The Terrorist Who Wasn't

Hollywood's Manny Ebaid struggles to rebound after the War on Terror made him collateral damage.

The National Counterterrorism Center (NCTC) was created in 2004 to collect information on suspected terrorists and maintain so-called watch lists, but it lacks accountability. The agency does not disclose criteria for inclusion on watch lists or how a name can be removed from the list if improperly or mistakenly added. NCTC's list of suspected terrorists — which federal, state, and local law enforcement agencies access — includes roughly 325,000 names associated with people in the United States and abroad.

But NCTC's terrorism watch list has proven so unreliable that in December 2005, the Transportation Security Administration disclosed that 30,000 airline passengers had been mistakenly identified as suspected terrorists as a result of the list. Among those was Sen. Ted Kennedy of Massachusetts.

In Ebaid's case, even though federal officials quickly discovered that they had scant evidence to justify his inclusion on the list, they continued to push for his deportation. A minor crime came back to haunt Ebaid.

Ebaid dances at his welcome-home party. Before his arrest, he operated Exotic Bites (next image) at this now-vacant location.
Manny Ebaid
Ebaid dances at his welcome-home party. Before his arrest, he operated Exotic Bites (next image) at this now-vacant location.
Exotic Bites
Colby Katz
Exotic Bites

In the summer of 1999, Miami-Dade police pulled Ebaid over during a traffic stop after they witnessed him visit a drug dealer who was under surveillance. Police found Ebaid with a small bag of marijuana that weighed roughly 20 grams, only enough for personal use. Ebaid admitted to buying the drugs and agreed to provide information on the dealer in exchange for leniency. Ebaid received a sentence of one day in jail — which he served upon arrest — and the charge was erased from his record because he was a first-time offender.

But the marijuana case was enough to put Ebaid's life in the United States in jeopardy. Although he'd been married since 1993, Ebaid waited until 2003 to apply for permanent residency based on his marriage to a U.S. citizen. On his application, Ebaid said he had never been arrested or convicted of a drug-related crime. That was a fib, one that Ebaid attributes to a misunderstanding. Ebaid claims he wasn't aware that he essentially pleaded guilty to felony possession of marijuana.

"I thought the marijuana charge was dropped," he says. "I didn't even go to court for it."

Ebaid told Immigration Judge Kenneth S. Hurewitz that he used marijuana through 2000 but has since quit. "He testified that he now understands he was arrested and convicted and should have stated such in his application for adjustment," Hurewitz wrote in his opinion on the case. "Importantly, he made no attempt to deceive the court as to his drug conviction and has accepted full responsibility for his actions."

But the drug charge was the least of Ebaid's worries. Authorities in Egypt became aware of Ebaid's detention, and soon after, Egyptian authorities searched the homes of Ebaid's family in Alexandria. For months, his family members were kept under surveillance, according to letters they sent him.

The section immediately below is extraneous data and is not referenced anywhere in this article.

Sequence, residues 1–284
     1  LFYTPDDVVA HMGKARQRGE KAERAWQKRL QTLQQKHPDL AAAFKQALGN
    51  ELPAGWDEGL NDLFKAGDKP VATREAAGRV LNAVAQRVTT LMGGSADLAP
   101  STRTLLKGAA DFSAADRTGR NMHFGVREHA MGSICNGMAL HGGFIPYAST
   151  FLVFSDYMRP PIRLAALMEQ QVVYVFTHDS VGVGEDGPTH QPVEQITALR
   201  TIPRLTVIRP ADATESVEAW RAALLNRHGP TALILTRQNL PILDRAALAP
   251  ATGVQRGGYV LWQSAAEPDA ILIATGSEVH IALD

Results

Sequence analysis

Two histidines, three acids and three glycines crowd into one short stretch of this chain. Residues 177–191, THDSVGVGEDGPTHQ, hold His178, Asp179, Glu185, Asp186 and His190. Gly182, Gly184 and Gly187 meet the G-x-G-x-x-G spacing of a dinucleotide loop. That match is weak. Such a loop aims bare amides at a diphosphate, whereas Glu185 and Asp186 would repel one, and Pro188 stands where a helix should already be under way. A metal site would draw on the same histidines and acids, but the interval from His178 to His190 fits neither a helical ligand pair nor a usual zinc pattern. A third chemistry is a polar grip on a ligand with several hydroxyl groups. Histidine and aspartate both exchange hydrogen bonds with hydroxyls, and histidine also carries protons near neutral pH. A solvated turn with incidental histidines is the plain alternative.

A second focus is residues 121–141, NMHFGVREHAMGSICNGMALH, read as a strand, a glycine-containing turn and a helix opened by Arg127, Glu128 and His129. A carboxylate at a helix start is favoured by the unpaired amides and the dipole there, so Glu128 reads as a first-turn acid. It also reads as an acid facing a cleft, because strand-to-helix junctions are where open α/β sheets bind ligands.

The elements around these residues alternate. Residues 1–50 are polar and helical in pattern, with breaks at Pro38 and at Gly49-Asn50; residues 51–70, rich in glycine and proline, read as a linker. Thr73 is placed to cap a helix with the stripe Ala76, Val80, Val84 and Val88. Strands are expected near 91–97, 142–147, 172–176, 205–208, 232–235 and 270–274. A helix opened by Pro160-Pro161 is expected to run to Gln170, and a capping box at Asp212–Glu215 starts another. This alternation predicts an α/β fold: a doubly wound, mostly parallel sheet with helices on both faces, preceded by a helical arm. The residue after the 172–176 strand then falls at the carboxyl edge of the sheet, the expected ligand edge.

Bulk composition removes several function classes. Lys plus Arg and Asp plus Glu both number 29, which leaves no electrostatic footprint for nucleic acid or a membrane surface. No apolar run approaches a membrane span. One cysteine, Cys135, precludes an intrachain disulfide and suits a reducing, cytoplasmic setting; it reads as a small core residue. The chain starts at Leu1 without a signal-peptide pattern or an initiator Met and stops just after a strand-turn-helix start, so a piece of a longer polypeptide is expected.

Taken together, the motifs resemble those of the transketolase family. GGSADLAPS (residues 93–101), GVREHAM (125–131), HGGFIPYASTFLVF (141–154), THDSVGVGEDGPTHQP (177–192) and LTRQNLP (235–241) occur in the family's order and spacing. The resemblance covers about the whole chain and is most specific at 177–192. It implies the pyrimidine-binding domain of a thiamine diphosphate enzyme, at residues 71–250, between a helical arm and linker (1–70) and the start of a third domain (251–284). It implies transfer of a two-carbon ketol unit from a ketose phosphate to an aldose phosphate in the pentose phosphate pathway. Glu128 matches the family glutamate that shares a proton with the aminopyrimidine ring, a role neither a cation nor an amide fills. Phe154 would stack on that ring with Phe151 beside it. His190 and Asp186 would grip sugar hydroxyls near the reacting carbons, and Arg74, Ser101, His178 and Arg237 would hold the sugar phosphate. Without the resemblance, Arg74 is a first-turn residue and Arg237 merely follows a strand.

Ebaid believed that he would be tortured and possibly killed if deported to Egypt. He told Judge Hurewitz that because of the publicity generated by his case, Egyptian authorities were "bound to inflict harm upon me." Even if the U.S. government assured Egypt that the inclusion of his name on a terror list was a mistake, he would still be tortured, Ebaid says.

"I can't win," he says. "Egypt tortures terrorists. If I go back to Egypt and they think I'm a terrorist, they will torture me for information about terrorism. They will not believe that the United States government, the best government in the world for human rights, would put my name on a terror watch list without reason. Egypt will not believe that. If I go to Egypt with the story that the U.S. government dropped the charges, they will think that I have become a spy for the U.S. government. Either way, I will be tortured."

In September 2005, Hurewitz granted Ebaid his request not to be deported. The Egyptian became a free man, but his reputation now prevents him from ever returning to Egypt, where he had hoped to retire and be closer to his family.

Just after Thanksgiving, Ebaid returned to Florida. His friends gathered at Exotic Bites for a welcome-home party.

They ate. They danced. They laughed.

And Ebaid quickly discovered that life isn't easy for an exonerated terrorist.


Ebaid used to love walking along Hollywood Boulevard with his two young children. They'd stroll through the sidewalk cafés on sunny afternoons. He'd occasionally buy the kids ice cream, and they'd walk as the dessert melted and ran down their little fingers. Ebaid enjoyed those days, and he wishes he could have them back.

Since his detention one year ago, Ebaid has sheltered his two kids from the truth of his ordeal. In an effort to discourage unwanted attention, he asked that details about his wife and two children not be reported.

But the outside world keeps intruding. Recently, two older women approached him while he was walking with his children.

"We saw you on the news," one woman said after grabbing Ebaid's elbow. "We're sorry about what happened to you."

After the encounter, his daughter asked, "Why did she say that?"

Ebaid slumps forward as he remembers telling his daughter a lie. "I told her I was doing promotion for the business," Ebaid says. He wipes away a tear.

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